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// main.cpp

class Cat()
{
public:
     Cat()
     {
          a = 0;
          (*b) = 0;
     }

     int a;
     int* b;
};

int main(int argc, char* argv[])
{
     Cat cat1;
     Cat* cat2 = new Cat();
     return 0;
}

Usially I don't care about memory, but I want to understand clearly, in what memory do cat1's and cat2's a and b exist? In stack or in heap?

@BoPerson: You're right, I should have used b = new int(0). But it's more interesting for me, where is variable a when object Cat is created in heap? a in heap, too? And pointer b in heap too and it points to memory in heap, right?

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Generally in C++, you should allocate objects on the stack unless you have a reason to use the free store (the "heap" that you speak of). Most of the time the only reason why you should allocate objects on the free store is if the object's lifetime needs to last beyond the object's current scope. –  In silico Feb 26 '11 at 11:57
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3 Answers

up vote 7 down vote accepted

Let me annotate and answer in-place.

class Cat()
{
public:
     Cat()
     {
          a = 0; // ok: sets the variable a, wherever it lives
          (*b) = 0; // not ok: stores an integer 0 to wherever b points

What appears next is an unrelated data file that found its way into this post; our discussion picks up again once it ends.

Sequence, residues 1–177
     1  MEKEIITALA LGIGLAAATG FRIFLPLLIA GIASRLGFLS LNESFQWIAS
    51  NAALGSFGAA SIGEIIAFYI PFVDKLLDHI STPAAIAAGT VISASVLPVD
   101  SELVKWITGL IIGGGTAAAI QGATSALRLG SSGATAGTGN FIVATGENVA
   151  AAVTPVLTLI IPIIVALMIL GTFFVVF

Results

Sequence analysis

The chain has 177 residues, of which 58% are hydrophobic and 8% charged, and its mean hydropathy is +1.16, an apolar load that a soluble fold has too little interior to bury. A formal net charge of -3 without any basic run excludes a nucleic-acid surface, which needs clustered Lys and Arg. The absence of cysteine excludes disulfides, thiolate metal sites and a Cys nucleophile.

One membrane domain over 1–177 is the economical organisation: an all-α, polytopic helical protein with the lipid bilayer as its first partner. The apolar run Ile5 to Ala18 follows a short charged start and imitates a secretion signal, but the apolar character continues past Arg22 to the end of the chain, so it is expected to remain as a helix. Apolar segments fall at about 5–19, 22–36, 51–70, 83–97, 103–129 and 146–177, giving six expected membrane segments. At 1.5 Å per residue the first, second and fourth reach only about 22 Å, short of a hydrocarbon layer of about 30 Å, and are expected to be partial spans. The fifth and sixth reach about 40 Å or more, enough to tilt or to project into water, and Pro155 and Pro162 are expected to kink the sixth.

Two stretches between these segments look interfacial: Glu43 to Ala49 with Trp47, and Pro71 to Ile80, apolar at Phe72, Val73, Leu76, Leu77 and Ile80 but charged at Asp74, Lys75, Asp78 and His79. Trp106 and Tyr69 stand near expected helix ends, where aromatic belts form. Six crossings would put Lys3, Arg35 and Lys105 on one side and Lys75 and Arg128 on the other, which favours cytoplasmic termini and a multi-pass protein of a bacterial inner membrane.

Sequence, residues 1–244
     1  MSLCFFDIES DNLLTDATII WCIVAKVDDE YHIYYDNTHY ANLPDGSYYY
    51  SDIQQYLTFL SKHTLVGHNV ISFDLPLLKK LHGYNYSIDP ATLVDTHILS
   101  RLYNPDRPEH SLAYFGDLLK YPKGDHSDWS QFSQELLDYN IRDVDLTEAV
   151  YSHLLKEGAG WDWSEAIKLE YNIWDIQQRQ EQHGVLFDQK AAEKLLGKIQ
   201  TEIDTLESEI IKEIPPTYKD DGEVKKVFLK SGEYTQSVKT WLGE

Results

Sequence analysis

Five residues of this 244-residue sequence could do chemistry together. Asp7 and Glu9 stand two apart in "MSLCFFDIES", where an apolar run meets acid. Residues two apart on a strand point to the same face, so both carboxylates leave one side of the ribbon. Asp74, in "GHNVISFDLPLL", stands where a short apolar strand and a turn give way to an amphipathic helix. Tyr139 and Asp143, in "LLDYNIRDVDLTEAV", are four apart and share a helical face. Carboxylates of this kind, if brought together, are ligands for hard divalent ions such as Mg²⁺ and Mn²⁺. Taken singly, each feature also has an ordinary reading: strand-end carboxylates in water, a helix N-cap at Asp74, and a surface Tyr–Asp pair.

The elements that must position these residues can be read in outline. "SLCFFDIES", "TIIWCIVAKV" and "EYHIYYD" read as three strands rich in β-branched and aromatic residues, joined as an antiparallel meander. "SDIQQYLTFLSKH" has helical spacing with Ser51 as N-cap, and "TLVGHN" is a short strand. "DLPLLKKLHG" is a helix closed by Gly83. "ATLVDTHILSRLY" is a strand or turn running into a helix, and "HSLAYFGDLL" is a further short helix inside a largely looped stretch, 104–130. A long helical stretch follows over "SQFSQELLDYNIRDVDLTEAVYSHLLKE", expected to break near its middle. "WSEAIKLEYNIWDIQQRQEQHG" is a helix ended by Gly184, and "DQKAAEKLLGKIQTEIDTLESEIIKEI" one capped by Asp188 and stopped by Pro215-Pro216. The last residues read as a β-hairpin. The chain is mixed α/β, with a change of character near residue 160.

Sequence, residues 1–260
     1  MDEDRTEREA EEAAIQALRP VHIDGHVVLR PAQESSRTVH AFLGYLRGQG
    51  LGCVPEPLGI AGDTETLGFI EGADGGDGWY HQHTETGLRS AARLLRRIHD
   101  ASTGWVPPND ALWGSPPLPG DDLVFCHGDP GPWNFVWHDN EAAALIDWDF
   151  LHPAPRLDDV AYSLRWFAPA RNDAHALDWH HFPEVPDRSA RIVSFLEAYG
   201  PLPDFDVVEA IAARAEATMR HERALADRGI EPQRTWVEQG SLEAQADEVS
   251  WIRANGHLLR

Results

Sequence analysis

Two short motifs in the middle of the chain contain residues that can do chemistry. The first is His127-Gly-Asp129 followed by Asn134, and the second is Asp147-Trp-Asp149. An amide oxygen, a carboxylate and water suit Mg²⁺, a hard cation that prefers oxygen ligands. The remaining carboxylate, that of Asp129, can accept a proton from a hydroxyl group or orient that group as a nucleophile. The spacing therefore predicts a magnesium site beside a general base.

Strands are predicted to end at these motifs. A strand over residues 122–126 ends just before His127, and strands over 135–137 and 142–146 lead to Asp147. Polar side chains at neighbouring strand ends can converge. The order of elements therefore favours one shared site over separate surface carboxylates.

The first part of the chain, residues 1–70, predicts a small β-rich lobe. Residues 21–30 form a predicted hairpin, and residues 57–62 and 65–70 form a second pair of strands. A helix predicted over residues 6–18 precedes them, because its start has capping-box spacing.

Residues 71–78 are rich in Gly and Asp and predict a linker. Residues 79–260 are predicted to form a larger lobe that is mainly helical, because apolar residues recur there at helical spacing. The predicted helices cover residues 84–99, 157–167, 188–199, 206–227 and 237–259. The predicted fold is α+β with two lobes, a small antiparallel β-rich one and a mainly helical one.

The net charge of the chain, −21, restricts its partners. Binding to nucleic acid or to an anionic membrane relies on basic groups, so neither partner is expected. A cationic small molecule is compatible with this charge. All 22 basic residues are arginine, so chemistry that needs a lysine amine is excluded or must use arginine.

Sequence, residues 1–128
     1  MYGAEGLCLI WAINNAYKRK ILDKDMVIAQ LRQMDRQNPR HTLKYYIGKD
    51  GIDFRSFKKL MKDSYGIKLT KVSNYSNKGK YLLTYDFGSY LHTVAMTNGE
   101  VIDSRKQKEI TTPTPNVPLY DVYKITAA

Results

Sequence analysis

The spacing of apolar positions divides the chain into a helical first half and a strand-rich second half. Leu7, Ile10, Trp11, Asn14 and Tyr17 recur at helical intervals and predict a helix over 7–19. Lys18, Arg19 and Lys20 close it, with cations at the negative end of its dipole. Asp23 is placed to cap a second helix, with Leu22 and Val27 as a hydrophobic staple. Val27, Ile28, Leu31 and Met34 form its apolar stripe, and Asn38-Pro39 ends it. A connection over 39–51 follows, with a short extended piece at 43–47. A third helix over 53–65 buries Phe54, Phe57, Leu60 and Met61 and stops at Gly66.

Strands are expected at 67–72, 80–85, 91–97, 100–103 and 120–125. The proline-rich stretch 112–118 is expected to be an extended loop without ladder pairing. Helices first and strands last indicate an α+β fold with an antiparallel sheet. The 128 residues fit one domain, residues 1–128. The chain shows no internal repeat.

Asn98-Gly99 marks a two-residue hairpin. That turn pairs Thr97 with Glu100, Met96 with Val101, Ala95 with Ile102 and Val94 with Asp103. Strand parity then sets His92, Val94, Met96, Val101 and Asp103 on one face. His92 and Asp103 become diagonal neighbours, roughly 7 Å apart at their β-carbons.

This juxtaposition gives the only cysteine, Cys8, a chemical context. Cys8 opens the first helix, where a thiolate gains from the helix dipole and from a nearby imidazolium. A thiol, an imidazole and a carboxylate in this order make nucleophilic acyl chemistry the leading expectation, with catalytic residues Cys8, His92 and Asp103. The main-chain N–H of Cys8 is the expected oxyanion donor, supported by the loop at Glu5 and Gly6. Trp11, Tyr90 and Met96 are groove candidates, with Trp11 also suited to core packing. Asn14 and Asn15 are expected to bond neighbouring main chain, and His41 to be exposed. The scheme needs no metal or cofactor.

// since b was never initialized to anything, it can write
                    // anywhere you can imagine. If you are lucky, your compiler
                    // implicitly initializes the pointer to zero such that you
                    // at least get a deterministic segmentation violation.
     }

     int a; // an integer variable living wherever Cat gets constructed
     int* b; // a pointer variable living wherever Cat gets constructed pointing 
             // to wherever it gets set to (b = something) could be heap, stack, 
             // mapped memory, out-of-control (like here)
};

int main(int argc, char* argv[])
{
     Cat cat1; // allocates cat1 on the stack, all attributes (a and b) live 
               // there. Where cat1.b points to is unrestricted.
     Cat* cat2 = new Cat(); // allocates an object of class Cat on heap, 
               // allocates a pointer variable cat2 on the stack and stores the 
               // pointer to said heap-allocated Cat in it
               // again, where cat2.b points to is unrestricted.
     return 0; // maybe never reached due to segfault ;-)
}

As you refer to memory management in your title: Stack variables get destructed automatically when they fall out of scope. I.e. the space occupied by cat1 and cat2 (one Cat, one pointer) will be recovered when leaving main(). Also, for cat1, the destructor will be called. In your case, there is no explicit destructor but if Cat had attributes with destructors, an automatic destructor would get auto-generated.

For pointers, the object pointed to is not automatically destructed when the pointer gets destructed. If you want that, you should have a look at smart pointers like std::auto_ptr<> (or QScopedPoiner in Qt) which gives you a pointer-like object which will indeed destruct the pointed-to object (by calling delete on it) when the auto_ptr gets destructed.